Let me get to the point straightaway. No mincing words.
Thanks to our modern education we Indians have lost our sense of what Indian-ness may truly mean. Instead of blindly following the ways of the West, we Indians – individually and collectively – must discover our unique place and role in the world. If each nation has a specific and unique contribution to make for the future of the world and humanity, what is India’s role? What is my individual obligation toward helping India rise up to its potential and work toward its true mission? And how does it relate to Indian Education? Let us explore a bit.
So what makes us Indian? Obviously, Indian-ness is not just about the rich variety in Indian cuisine, clothes, festivals, rituals, customs, traditions, though they are all part of it. It is not only about the social-political systems we have set up in our country, though they too are part of it. And it is also not only about the different religions and ways of life practiced by different sections of our people, though again they are all part of it. What is that Indian spirit that binds as all despite all these differences in our identities and ways of life? And how can we make that Indian spirit part of our educational experience?
It should be made very clear that our attempt to learn about the Indian spirit should be driven by our zeal to make this essential Indian-ness relevant for the present times, and for the new age which is dawning upon us. A true renaissance of Indian spirit is not about going back to the so-called golden age of the past but moving forward to a new future that is yet to be shaped by us. And this future depends on how each one of us understands what the essence of Indian-ness is about. At the same time it needs to be emphasized that we must not shun anything as irrelevant for true revival of Indian spirit simply because it is “western” or “modern”.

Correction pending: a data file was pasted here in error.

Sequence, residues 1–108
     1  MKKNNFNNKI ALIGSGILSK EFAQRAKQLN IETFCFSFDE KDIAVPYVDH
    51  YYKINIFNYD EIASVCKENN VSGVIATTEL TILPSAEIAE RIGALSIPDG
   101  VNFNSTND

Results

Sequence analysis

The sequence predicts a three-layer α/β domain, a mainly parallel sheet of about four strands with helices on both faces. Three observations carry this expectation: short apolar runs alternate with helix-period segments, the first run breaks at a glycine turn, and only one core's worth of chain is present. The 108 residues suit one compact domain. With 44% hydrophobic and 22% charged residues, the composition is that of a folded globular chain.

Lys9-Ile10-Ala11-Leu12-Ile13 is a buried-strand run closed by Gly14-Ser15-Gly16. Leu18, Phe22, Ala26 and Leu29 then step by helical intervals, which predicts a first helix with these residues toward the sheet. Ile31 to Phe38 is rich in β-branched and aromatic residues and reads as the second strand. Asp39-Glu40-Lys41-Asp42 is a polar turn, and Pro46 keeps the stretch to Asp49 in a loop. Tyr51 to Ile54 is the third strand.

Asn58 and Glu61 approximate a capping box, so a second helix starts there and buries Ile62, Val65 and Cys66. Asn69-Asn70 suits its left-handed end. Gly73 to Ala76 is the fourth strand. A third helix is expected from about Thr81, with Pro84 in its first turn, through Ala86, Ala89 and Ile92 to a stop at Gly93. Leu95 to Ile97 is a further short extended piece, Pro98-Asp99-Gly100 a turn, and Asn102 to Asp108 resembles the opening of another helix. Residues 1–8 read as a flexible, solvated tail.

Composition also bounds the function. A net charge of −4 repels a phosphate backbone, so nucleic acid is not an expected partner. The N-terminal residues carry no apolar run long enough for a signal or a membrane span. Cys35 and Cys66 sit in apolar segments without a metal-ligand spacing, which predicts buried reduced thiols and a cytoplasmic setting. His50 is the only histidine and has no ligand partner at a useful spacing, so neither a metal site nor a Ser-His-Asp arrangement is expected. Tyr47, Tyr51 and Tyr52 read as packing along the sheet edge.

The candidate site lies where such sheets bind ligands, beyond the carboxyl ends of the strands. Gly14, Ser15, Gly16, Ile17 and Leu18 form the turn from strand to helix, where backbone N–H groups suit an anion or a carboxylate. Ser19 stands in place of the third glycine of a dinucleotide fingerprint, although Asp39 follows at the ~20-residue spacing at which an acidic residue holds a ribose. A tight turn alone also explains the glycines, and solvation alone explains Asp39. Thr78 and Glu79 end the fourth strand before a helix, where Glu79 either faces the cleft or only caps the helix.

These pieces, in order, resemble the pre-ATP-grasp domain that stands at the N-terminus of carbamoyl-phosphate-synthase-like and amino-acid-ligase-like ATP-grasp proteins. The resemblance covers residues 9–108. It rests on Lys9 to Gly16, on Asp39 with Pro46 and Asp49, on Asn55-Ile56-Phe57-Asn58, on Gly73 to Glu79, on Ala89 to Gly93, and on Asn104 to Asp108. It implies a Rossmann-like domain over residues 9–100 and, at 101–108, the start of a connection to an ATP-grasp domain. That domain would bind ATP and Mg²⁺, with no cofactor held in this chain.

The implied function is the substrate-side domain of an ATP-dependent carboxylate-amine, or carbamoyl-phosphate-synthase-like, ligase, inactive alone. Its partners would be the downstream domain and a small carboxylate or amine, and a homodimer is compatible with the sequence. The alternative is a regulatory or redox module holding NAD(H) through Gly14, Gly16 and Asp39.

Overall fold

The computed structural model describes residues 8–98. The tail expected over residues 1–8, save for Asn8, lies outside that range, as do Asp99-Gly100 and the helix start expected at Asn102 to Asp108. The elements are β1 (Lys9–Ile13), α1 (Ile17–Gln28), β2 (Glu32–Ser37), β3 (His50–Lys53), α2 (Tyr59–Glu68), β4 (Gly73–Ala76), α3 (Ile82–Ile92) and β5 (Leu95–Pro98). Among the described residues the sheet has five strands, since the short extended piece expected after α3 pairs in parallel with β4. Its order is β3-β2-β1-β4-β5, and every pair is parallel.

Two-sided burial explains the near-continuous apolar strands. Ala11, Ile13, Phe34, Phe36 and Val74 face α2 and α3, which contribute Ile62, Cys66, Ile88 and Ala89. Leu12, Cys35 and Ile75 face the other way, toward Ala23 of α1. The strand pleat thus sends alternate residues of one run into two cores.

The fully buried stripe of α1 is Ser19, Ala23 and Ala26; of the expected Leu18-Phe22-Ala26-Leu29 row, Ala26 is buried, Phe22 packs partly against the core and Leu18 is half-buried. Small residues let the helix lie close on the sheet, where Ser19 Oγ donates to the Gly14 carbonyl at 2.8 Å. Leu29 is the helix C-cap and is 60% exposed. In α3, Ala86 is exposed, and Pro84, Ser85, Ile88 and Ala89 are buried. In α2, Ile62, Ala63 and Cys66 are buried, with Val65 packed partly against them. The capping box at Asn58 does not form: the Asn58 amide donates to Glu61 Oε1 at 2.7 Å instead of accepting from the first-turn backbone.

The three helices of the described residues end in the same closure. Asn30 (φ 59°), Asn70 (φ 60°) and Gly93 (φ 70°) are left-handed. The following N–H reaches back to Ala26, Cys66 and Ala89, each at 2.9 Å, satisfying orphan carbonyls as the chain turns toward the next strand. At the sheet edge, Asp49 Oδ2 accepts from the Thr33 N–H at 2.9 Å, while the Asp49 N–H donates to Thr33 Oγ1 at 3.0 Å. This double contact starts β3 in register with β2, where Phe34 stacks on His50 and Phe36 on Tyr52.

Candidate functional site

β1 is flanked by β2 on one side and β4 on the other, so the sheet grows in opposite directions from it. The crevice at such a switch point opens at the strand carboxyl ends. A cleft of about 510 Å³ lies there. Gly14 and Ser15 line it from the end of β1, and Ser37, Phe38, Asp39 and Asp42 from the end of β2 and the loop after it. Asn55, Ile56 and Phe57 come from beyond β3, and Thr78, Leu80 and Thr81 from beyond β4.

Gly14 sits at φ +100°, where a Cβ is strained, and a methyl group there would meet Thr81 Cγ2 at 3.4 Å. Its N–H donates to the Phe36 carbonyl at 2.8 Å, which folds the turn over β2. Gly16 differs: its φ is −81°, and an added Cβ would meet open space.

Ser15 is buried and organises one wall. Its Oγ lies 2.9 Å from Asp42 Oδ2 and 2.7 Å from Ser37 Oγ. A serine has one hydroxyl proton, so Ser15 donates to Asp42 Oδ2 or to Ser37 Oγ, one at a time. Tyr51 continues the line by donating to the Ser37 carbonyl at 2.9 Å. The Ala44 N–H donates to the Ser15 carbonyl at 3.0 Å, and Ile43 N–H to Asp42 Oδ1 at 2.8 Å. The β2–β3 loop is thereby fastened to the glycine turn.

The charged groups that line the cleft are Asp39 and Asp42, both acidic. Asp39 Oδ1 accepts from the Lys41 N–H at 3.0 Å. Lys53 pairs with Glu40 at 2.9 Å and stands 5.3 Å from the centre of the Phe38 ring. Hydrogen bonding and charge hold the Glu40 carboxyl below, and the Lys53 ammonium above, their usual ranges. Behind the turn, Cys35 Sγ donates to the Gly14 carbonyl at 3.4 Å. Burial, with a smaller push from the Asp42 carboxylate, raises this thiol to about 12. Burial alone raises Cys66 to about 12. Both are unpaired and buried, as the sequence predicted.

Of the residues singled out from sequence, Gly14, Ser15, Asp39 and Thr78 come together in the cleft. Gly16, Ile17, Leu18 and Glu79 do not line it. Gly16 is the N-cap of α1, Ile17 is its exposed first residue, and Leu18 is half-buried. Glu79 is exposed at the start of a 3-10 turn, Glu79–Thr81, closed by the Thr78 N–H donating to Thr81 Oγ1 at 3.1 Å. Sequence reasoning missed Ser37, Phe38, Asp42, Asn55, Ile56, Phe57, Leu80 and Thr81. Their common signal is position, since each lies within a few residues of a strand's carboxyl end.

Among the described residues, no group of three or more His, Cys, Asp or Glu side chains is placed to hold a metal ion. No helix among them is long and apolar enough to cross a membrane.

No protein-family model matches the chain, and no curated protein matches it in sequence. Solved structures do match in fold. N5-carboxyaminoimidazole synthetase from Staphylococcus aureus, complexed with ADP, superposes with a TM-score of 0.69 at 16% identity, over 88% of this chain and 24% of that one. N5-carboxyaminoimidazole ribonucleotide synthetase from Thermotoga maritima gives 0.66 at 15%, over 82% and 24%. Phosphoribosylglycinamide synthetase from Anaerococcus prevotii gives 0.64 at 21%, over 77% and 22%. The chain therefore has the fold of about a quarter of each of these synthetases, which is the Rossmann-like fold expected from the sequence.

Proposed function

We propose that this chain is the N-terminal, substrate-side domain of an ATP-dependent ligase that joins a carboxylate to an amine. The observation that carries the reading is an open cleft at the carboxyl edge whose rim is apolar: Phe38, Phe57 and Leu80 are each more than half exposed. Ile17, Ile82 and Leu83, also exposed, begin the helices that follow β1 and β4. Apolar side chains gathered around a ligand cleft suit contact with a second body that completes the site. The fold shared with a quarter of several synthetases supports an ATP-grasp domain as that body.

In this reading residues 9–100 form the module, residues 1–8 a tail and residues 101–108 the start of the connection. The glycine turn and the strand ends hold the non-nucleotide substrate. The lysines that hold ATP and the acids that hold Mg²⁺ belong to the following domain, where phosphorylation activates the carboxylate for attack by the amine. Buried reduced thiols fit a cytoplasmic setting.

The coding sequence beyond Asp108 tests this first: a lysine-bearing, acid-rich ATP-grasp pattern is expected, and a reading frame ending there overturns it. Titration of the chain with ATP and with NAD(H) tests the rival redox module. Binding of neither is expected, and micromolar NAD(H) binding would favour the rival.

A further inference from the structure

India exists in its plurality, and yet India is also One in spirit. India is traditional, pre-modern, modern, postmodern and post-postmodern, all in one, all at one time, all co-existing. Whether we are conscious of it or not we carry all of this diversity within us. What might be the invisible factor that transcends yet somehow binds all the multiple, outer aspects of Indian identity in such a way that each of the many outer aspects of Indian identity retains its individual status yet merges in something larger, something more whole than itself? What may be the deeper source of my connection with another Indian, or with Indian culture in general? Is there anything like the soul of an Indian? Or Indian soul which helps people who consider themselves “Indian in heart” connect with one another despite the external differences in any or all of the outer identity aspects?